It wasn't long upon our arrival in El Chalten before the weather looked good enough for an attempt on something. We chose to climb the classic Exocet (500m 6a WI5 MI3), on Aguja Standhardt, the perfect intro route to the specific nuances of Torre climbing. A week or so later we climbed Punta Herron via Spigolo dei Bimbi (350m 6b MI5) as well as the Huber-Schnarf (200m 6b+ MI3), summiting Torre Egger in a long day camp to camp. In this time we also climbed the classic Chiaro di Luna on Aguja St. Exupery and established a new route on Aguja de l'S.

We were certainly fulfilling our plans to 'climb on the Torres', having completed routes on three out of the four. Remaining only was Cerro Torre, a mountain I had tried to climb the year before. Chris Geisler and I had reached a point some 40 meters shy of the top of the headwall. We had attempted the southeast ridge, the line of the Compressor Route, but had avoided using any of Maestri's bolts. When our best guess at the line of weakness up the headwall dead-ended we had two options: retreat, or continue up the bolt line.

We would not summit the Torre that year. Our attempt was soured by the reawakening of the Cerro Torre controversy that Chris and I were now swept up in. Loving the controversy, all the magazines wanted to know my opinion. The hype became too much - recycled garbage. Eventually I was tired of it all, the idea of comparing myself to someone else sickened me. My plan was never to promote my ascent nor defame David Lama.

Hayden and I would focus our energy on another line on the Torre this season: the north face. The wild face is full of adventure and the unknown. Feeling uber-fit and stoked to the max, we knew we had a shot if the weather continued to cooperate. However, the month of January was uncharacteristically warm in the mountains, and attempting the north face seemed just too dangerous. The most logical line to attempt was now my old friend the Southeast Ridge.

On the morning of January 15th Hayden and I left Niponino basecamp, approached Cerro Torre and climbed the 300m mixed 'approach' to the Col of Patience slowly, conserving as much energy as possible. Here we relaxed in the shade of our tent, and drank and ate as much as possible. With binoculars, we spied discontinuous features splitting the very left of the headwall that would possibly connect the line Geisler and I had attempted with the summit.

We slept through our 11 p.m. alarm, waking at 2 a.m. We pounded coffee, got psyched, and were climbing by 2:45. Joyous, splitter climbing comprises the majority of the lower SE Ridge. We hooted and hollered into the night as we made very quick time in the dark. We reached the Salvaterra-Mabboni variation just before first light, around 5:00am. The integral ridgeline above was attempted as early as 1968 and finally climbed in 1999 by Ermanno Salvaterra and Mauro Mabboni. From here the Compressor Route beelines inexplicably right, across blank rock and hundreds of bolts. Hayden led the beautiful A1 splitter crack above, using a couple knifeblades in between small cams. The climbing on the ridge above is absolutely brilliant - immaculate 5.10 edges in an exposed position on the arete. Short-fixing off a two-bolt anchor, Hayden continued up the arete at top speed while I followed on the jumars as quickly as possible. I reached the belay, an incredible position at an apex above the south face, gasping for breath. Looking right, ice and mixed terrain led through the ice tower features. Grabbing the rack and changing into crampons, we high-fived and I took off, navigating the ice and mixed pitches, short-fixing the rope for Hayden to follow all the way to the base of the WI5 chimney. This long, steep pitch, first climbed by Josh Wharton and Zack Smith, bypasses yet another bolt ladder up a blank wall to its right. The ice was cold, bullet-hard. I ran it out between three ice screws, Hayden followed. We were at the base of the headwall, elated.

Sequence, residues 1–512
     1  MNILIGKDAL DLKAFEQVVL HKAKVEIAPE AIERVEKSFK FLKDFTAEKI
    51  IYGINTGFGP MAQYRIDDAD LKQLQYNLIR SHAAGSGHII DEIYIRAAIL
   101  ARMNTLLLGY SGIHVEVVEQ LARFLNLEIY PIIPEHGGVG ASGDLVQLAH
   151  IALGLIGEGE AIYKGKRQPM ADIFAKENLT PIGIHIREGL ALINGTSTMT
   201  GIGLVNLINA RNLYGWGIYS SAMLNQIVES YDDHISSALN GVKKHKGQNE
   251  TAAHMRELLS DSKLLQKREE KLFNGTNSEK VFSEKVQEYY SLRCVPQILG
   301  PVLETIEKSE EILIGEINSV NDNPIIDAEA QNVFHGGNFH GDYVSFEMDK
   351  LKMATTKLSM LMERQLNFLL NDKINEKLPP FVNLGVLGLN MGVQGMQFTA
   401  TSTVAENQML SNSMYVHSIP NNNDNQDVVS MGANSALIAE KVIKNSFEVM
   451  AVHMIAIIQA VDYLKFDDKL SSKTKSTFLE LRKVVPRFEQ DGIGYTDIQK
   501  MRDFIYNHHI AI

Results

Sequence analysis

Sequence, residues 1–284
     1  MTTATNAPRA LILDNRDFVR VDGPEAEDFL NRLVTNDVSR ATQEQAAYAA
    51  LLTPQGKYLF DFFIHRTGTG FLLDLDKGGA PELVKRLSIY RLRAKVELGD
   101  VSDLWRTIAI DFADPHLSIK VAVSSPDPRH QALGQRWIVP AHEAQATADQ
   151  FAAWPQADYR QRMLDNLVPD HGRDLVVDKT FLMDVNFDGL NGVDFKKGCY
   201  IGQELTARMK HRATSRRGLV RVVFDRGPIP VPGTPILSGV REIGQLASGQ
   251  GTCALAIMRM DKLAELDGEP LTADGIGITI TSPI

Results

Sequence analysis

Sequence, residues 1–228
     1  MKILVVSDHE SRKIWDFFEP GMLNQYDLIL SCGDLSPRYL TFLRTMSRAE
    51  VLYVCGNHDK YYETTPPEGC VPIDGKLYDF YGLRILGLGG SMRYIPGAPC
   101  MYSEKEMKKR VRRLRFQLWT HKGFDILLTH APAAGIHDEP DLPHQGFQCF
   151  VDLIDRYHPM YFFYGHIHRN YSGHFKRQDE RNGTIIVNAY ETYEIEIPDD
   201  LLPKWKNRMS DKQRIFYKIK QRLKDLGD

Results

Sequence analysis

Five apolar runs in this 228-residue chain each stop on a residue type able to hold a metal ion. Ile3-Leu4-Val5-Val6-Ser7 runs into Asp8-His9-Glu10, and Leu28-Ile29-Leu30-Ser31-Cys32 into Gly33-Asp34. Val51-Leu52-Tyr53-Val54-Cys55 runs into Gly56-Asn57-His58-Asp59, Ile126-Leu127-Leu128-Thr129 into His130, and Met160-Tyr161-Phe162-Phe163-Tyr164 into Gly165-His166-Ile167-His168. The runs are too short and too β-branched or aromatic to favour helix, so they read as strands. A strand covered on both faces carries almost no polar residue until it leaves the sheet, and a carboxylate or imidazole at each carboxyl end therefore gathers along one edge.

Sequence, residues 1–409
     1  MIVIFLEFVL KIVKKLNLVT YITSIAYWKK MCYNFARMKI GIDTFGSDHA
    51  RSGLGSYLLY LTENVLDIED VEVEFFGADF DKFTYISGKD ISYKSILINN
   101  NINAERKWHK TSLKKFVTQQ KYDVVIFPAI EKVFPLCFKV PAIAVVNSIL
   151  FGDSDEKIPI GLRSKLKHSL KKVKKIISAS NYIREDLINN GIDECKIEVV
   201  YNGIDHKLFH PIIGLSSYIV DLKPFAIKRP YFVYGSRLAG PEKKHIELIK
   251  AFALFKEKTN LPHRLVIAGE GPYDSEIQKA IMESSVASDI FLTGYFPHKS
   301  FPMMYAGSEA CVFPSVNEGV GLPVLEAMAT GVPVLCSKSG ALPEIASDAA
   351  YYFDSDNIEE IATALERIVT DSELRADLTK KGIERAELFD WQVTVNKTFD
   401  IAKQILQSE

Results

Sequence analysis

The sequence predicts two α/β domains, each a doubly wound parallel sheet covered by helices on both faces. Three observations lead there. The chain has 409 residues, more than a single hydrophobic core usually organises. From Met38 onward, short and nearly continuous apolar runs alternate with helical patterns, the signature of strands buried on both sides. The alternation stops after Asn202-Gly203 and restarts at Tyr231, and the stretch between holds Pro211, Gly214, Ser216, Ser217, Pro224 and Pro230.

Donning rock shoes, Hayden cast off on the steep ground above. The first two pitches were comprised of athletic 5.11- climbing over large, positive flakes. Deviating just right, then left, of the Compressor bolts, Hayden ran it out between solid cams, commenting on the bliss of the quality movement in such an extreme environment. Reaching a mid-way ledge, Hayden free climbed directly left off the belay, finding free-climbable edges where Chris last year, in a weakened state, had resorted to techno-aid. From this point Chris had placed a bolt in a blank section of rock and had climbed right, across a feature that would eventually deadend on us last year. Hayden reached the bolt and lowered to the level of my belay. Running back and forth across the headwall, Hayden stuck an edge at the apex of this King Swing. More edges led down to a small perch on the immediate left edge of the headwall. Cleaning the pitch and lowering out off the bolt, I joined Hayden at this belay stance, a spot so exposed we may as well have been on the moon.